It is well known that ADHD diagnoses and substance abuse problems are closely associated. It is estimated that substance abuse problems including dependence are up to twice as common among individuals with ADHD, which is not surprising given the impulsivity factor involved in ADHD. The problem is that until recently, most medications for ADHD have belonged to the stimulant category and as many, including us, have written before it is probably not the best idea ever to give drugs that have a relatively large abuse probability to people who are relatively likely to develop substance abuse problems. Right?
We’ve already written about atomoxetine and bupropion, two drugs with relatively low abuse potential (since patients don’t actually feel “high” from them) that are being successfully used in treating ADHD. But there is little doubt that the type of effect seen among patients who are using stimulants (like adderall, ritalin, etc.) isn’t being observed among patients taking non-stimulant medications. All of this means that patients on non-stimulants are getting less bang but with less risk. A dopamine agonist by the name of amantadine might change all of that according to a recent study.
Amantadine versus stimulants for ADHD treatment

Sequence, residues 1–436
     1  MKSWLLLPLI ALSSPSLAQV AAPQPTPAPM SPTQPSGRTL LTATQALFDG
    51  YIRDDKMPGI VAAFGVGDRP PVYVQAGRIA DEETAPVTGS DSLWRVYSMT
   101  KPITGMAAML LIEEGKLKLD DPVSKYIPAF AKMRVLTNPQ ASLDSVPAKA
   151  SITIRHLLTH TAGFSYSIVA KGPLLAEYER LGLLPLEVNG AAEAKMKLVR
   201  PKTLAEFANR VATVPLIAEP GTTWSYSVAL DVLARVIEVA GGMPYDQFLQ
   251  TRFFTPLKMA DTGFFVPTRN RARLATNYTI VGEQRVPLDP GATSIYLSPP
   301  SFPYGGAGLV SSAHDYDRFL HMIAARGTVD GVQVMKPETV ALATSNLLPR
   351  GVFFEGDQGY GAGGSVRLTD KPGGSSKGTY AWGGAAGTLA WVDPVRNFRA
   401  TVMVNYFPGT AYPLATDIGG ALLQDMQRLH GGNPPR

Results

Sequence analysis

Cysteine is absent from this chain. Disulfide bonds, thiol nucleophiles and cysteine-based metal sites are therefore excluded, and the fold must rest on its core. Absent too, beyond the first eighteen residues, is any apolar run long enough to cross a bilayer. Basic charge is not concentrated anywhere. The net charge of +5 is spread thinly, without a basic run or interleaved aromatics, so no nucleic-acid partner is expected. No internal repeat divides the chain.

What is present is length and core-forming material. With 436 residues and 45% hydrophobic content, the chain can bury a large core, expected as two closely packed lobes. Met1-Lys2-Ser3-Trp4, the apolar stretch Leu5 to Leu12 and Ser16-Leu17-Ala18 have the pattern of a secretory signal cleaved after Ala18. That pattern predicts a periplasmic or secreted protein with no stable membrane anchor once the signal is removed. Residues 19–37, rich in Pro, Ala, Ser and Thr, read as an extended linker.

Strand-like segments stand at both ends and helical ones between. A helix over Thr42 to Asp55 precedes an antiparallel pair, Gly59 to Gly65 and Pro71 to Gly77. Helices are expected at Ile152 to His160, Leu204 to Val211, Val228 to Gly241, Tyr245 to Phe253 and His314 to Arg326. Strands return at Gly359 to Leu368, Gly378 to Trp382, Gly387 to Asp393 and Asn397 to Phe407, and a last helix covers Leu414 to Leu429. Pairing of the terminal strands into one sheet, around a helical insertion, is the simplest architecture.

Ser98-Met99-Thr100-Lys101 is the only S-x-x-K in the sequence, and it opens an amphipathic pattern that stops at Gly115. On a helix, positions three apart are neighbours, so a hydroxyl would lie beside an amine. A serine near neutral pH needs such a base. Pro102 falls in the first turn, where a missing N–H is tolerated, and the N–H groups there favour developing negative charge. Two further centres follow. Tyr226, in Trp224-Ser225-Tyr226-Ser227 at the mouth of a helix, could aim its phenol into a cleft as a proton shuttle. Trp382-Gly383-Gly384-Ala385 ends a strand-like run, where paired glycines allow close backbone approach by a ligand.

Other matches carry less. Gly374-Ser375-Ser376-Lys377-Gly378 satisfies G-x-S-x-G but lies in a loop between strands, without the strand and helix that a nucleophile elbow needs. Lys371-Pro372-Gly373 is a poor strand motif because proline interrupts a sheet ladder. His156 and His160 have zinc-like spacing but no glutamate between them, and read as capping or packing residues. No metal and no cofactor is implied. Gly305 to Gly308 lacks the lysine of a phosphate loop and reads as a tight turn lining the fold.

Fourty children between the ages of 6 and 14 were enrolled in the study conducted in a psychiatric hospital in Iran. The kids were randomized into two groups a methylphenidate (ritalin) and amantadine group. Over a six week period the kids were assessed four times – at intake and then every two weeks -using an instrument that parents and teachers (who didn’t know what medication the kids were getting) would use to rate the child’s behavior on the 18 ADHD symptoms listed in the DSM-IV.
Final thoughts from Dr. Jaffe on ADHD medications and amantadine
One of the main reservations I have about the notion of using this medication for ADHD is that NMDA receptors are very important in learning, so it may be that we’re helping to resolve attention problems but making it more difficult to actually create memories that are crucial for learning. More research is necessary to see if these decreases in impulsivity are accompannied by improvements, and not reductions, in learning ability.
So, if you’re considering medicating a child who has been diagnosed with ADHD, I strongly support the notion given the difference that medication has made in my own life. However, I urge you to be educated and to consider non-stimulant options, especially as more are researched and as that treatment option becomes more available, less costly, and less likely to lead to abuse of the drug. With prescription drug abuse one of the fastest growing problems in the U.S., being careful is just sound advice.
Mohammad-Reza Mohammadi, Mohammad-Reza Kazemi, Ebtehal Zia, Shams-Ali Rezazadeh, Mina Tabrizi, Shahin Akhondzadeh (2010) Amantadine versus methylphenidate in children and adolescents with attention deficit/hyperactivity disorder: a randomized, double-blind trial. Human Psychopharmacology.
Some parkinson work showing effect of amantadine: http://www.springerlink.com/content/76r5wxux8wn52rq5/fulltext.pdf